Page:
In a candid moment as we were walking home that night I asked my old man why he didn’t talk about the eleven men who had died or the culpability of the oil company or the environmental impact of this new deadly fire or the emotional damage many deaths could have on a small community like ours or even the plain fact that without tunnel 8 most of the town would be out of work. “Ron, sometimes people don’t want the truth. They just want the news.” I’ll never forget these sage words from my father. Up until that point I made no distinction between “truth” and “news.” I had thought they were one and the same! I was a boy of course and the world was just a kaleidoscope of butterscotch candies and rum cookies. I didn’t understand the reason for news until that day.

I knew from a very early age that I would be a News Anchorman. I had great hair, for one, which is 70 percent of the job. I also had the pipes. I was blessed with my father’s golden tones and melodious speaking voice. By the time I left Our Lady Queen of Chewbacca High I could read a document out loud from forty feet away without ever stumbling over a word. A photograph from shortly after my graduation shows me looking much the same way I do now. In fact at age eighteen I looked exactly as I do today. Women found me irresistible. They still do find me irresistible. It’s worth mentioning but not so important to the narrative at this moment. I mention stuff like that not for vanity’s sake but because it simply needs to be said.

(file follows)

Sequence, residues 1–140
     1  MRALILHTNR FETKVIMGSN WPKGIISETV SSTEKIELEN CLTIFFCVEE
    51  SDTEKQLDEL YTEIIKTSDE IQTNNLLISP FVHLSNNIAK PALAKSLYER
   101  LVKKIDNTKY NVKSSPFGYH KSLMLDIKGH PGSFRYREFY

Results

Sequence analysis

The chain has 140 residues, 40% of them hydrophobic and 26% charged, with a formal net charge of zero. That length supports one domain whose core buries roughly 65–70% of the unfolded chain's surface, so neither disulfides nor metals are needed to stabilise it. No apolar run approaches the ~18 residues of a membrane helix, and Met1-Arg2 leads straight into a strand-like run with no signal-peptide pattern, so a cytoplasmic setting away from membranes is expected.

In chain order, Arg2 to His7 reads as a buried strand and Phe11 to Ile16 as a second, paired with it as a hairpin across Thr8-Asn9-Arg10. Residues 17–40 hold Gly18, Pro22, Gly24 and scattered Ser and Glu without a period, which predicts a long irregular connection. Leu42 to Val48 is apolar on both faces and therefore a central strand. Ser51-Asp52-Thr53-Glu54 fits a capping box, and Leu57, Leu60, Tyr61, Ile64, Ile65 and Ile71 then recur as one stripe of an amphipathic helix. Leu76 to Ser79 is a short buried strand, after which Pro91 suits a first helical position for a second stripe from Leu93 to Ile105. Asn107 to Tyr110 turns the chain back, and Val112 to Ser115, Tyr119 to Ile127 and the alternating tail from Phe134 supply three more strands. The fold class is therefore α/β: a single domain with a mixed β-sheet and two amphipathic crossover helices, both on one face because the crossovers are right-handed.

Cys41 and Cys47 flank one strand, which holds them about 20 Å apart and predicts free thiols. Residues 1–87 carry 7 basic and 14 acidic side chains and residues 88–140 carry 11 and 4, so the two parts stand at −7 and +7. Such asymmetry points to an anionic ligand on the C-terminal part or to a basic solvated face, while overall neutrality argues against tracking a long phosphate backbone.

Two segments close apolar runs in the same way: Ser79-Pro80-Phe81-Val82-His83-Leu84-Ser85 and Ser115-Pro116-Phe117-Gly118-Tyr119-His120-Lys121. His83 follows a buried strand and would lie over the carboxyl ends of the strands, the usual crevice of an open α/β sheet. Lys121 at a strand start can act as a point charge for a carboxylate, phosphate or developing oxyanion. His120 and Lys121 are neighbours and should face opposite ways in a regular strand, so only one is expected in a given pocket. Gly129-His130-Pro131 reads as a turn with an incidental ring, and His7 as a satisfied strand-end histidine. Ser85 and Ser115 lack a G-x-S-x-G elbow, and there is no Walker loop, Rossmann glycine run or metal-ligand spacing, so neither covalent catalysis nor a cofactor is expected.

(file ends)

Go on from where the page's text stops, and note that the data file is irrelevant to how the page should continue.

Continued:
It was all lining up perfectly. Every year the National News Association of Anchormen, NNAA, sends out over a thousand representatives to find fresh new anchorman talent across the land. Prospects are invited to a brutal six-day camp to test their mettle through grueling challenges and photo shoots. It’s a make-or-break week for young anchormen. An anchorman scout traveling through Haggleworth noticed me in the eighth grade but was not allowed to talk to me until I graduated. (After it was discovered that Edward R. Murrow was paid illegally by CBS as a four-year-old without his parents’ consent, new guidelines were put into place to protect children from getting money.) By the time I graduated several scouts were interested in me. I was invited to Williamsport, Pennsylvania, to the anchorman camp—the “Gauntlet,” as it’s known in news circles. The field that year was tough—my class alone had News Hall of Famers Peter Jennings, Ted Koppel and Jim Lehrer. Vance Bucksnot, who became the number one anchor for the Quad Cities, was there, as was Punch Wilcox, the legendary anchor for Salt Lake City’s KPAL. There was also Snack Reynolds (Austin), Brunt Harrisly (Columbus), Tink Stewart (Butte), Race Bannon (Minneapolis), Hit Johnson (Albany), Kick Fronby (Charlotte), Ass Perkins (Mobile) and Lunk Brickman (Boston). All of these men distinguished themselves with long careers for their respective stations, so yeah, it was very competitive.